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Advice for finding a home if you're moving to live in Spain

April 15, 2019

There are many things to love about Spain: the friendliness of the people, the open lifestyle, the bustling towns and cities, the beautiful beaches... These are all things to think about when you are considering where to find a home when you're moving to live in Spain. What are the most important factors on your list of "must-haves" when looking for that perfect place to live? 

Spain offers homes and apartments in all sorts of shapes, sizes, ages and styles.  Maybe you've always dreamed of living in a hacienda with avocado, orange and mango trees! Or what about a penthouse apartment (ático in Spanish) with a heavenly view. Or maybe you'd like a community with a pool or garden! Before you get swept up into the dream of finding your forever home, here are my tips for finding the right house or apartment in Spain, based upon advice passed down from friends and expats over the years.

1. Buying vs. renting when moving to live in Spain

My top tip has to be to ‘rent before you buy’.  Areas can change quite dramatically over the course of a year.  What may appear to be a busy vibrant hub with lots of restaurants and bars during the summer can become a dead end during the winter. The temperature of certain towns can rise or fall dramatically depending on the season (think 45 degrees Celsius in the summer and -10 degrees Celsius in the winter).

Don’t be bamboozled into buying something that doesn’t tick your all or most of your boxes. It’s a big investment in a country with a different language and different laws. Make sure to consult appropriate advisers to avoid making a big mistake. In my experience, we rented both of our homes in Spain before we bought them. This is something the landlord might be interested in exploring with you if you start out renting and then discover it’s just the right place for you, forever!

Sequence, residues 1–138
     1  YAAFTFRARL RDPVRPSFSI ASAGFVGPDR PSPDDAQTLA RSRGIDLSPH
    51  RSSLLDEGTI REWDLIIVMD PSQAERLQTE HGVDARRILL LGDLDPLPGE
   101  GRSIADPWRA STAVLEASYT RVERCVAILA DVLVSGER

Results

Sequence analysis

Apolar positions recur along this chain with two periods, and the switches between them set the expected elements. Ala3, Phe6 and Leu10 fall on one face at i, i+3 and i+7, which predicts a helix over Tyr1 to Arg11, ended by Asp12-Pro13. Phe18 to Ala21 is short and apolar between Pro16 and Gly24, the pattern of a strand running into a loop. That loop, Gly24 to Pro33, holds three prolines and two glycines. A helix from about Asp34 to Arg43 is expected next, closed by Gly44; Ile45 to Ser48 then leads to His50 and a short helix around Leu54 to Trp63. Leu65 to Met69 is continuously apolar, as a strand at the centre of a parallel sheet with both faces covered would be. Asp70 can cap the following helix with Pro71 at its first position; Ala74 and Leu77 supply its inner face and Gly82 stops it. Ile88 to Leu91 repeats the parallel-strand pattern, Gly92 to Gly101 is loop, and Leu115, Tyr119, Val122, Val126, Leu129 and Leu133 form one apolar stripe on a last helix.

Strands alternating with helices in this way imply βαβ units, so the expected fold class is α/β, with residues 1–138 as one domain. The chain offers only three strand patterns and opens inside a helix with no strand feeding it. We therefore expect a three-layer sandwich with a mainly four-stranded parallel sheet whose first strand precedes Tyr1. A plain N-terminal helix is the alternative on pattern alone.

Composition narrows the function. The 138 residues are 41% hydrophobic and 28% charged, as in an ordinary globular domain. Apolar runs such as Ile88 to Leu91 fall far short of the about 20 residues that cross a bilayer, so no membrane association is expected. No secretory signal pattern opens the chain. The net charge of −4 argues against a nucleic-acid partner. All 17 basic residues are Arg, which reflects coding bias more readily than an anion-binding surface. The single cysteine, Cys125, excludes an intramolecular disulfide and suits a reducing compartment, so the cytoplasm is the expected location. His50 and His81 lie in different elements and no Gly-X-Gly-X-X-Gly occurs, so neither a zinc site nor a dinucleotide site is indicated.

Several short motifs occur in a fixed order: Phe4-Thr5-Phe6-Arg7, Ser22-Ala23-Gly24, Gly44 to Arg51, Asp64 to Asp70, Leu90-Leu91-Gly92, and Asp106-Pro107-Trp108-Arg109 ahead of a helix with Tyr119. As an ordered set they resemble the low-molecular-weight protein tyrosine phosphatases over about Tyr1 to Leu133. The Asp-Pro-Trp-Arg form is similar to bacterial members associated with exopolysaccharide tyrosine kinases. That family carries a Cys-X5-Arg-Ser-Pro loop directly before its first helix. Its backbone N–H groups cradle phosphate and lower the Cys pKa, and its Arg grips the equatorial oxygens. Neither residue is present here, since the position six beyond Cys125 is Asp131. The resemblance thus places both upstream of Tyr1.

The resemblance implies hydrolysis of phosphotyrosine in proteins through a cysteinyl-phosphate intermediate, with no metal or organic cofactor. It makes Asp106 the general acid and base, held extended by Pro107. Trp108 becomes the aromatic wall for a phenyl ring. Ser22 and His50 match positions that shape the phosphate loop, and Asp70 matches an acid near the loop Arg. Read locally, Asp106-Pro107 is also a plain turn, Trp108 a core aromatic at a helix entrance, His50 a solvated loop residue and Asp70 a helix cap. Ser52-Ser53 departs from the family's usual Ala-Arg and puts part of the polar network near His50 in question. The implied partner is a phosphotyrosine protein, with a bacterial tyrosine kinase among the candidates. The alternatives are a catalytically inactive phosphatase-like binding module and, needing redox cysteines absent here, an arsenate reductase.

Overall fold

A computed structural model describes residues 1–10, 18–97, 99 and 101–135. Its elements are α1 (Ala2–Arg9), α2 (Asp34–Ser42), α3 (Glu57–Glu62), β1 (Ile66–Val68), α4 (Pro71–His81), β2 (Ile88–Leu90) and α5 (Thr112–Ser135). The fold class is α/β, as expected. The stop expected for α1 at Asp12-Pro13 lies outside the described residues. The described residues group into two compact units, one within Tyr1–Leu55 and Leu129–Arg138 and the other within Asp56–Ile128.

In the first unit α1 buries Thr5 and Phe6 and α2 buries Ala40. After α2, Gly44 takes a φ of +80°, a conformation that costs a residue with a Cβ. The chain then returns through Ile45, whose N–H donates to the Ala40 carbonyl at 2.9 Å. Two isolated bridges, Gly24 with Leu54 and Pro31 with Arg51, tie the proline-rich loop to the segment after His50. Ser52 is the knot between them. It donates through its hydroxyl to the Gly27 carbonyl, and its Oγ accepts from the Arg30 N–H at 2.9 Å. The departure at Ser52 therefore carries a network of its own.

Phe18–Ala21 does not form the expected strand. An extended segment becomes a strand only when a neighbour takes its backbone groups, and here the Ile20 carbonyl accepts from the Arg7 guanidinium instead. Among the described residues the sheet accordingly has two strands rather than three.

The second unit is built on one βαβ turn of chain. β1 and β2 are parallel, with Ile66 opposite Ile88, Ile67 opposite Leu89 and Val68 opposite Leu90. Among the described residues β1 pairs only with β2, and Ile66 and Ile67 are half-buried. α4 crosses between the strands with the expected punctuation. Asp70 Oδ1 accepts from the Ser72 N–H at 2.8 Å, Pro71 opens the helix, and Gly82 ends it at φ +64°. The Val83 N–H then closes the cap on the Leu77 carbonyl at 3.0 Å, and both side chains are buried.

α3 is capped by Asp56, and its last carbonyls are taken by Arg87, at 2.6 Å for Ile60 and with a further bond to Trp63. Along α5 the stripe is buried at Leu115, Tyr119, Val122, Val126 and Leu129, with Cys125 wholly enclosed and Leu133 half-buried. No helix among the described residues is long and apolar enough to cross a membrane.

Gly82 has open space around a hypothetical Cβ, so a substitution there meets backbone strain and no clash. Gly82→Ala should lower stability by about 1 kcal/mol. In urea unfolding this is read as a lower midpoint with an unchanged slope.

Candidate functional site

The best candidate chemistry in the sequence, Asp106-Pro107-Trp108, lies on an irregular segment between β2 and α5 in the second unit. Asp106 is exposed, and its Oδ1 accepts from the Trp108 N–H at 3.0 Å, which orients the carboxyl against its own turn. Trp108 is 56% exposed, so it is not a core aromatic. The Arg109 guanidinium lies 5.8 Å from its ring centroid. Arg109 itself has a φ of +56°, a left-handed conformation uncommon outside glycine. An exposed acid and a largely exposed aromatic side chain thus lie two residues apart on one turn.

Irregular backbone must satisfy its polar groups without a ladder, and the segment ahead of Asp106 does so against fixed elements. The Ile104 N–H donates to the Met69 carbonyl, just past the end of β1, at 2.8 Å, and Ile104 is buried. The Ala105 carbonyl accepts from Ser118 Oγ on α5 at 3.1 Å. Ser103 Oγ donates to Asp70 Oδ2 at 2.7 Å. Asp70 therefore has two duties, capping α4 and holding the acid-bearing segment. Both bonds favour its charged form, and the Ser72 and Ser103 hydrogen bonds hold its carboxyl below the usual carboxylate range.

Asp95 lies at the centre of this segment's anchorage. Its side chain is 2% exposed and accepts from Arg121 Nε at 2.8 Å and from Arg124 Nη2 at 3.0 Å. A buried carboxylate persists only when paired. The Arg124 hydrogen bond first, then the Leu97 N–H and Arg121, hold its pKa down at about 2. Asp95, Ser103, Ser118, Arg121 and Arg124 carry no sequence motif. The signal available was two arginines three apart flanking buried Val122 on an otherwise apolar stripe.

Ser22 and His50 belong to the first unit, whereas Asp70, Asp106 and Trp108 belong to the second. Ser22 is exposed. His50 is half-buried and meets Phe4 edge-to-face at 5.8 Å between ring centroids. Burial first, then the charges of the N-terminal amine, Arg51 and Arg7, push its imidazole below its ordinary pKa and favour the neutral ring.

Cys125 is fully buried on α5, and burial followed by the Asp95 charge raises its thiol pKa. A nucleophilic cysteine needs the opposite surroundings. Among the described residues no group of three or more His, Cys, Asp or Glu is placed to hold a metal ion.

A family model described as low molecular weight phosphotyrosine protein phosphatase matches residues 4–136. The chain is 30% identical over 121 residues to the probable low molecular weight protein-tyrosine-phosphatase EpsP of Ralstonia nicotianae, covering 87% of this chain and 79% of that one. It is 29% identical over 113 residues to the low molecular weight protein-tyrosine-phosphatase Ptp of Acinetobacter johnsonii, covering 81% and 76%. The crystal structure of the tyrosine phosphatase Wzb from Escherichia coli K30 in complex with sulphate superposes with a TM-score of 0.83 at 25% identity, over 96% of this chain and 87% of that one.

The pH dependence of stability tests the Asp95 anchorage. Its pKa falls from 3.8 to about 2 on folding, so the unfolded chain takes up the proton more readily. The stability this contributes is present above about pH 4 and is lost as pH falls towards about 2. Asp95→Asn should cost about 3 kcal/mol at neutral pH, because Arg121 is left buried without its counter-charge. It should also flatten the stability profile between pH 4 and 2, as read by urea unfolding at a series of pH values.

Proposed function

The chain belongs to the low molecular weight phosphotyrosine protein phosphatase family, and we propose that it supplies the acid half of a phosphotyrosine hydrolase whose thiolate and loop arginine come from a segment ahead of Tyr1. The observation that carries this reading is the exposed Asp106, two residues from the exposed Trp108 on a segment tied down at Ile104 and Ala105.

2. Your neighbourhood 

What is on your doorstep can make a huge difference in your life in Spain.  Once you find somewhere you want to buy, do lots of research about the area. What does the town hall have planned for the future? What about transport options? Plan out your route to work and see if it's doable - there is nothing worse than having to change metro lines several times to reach your destination. Look at the local shops, supermarkets, and bars. Are they walking distance or accessible by car? Finally, pay attention to your neighbours. It could be that many of the people in the apartment block rent out their properties for holiday lets.  This could mean an increase of people trying to get parking, using the swimming pool and lift, and, of course, associated noise during the holiday seasons. 

For us, we absolutely love our home; it is near enough to walk to the train and has good transport links to a larger town, but it is part of a smaller, Spanish community.

if you're moving to live in spain, you'll need help unpacking boxes like this family

3. Campo or Pueblo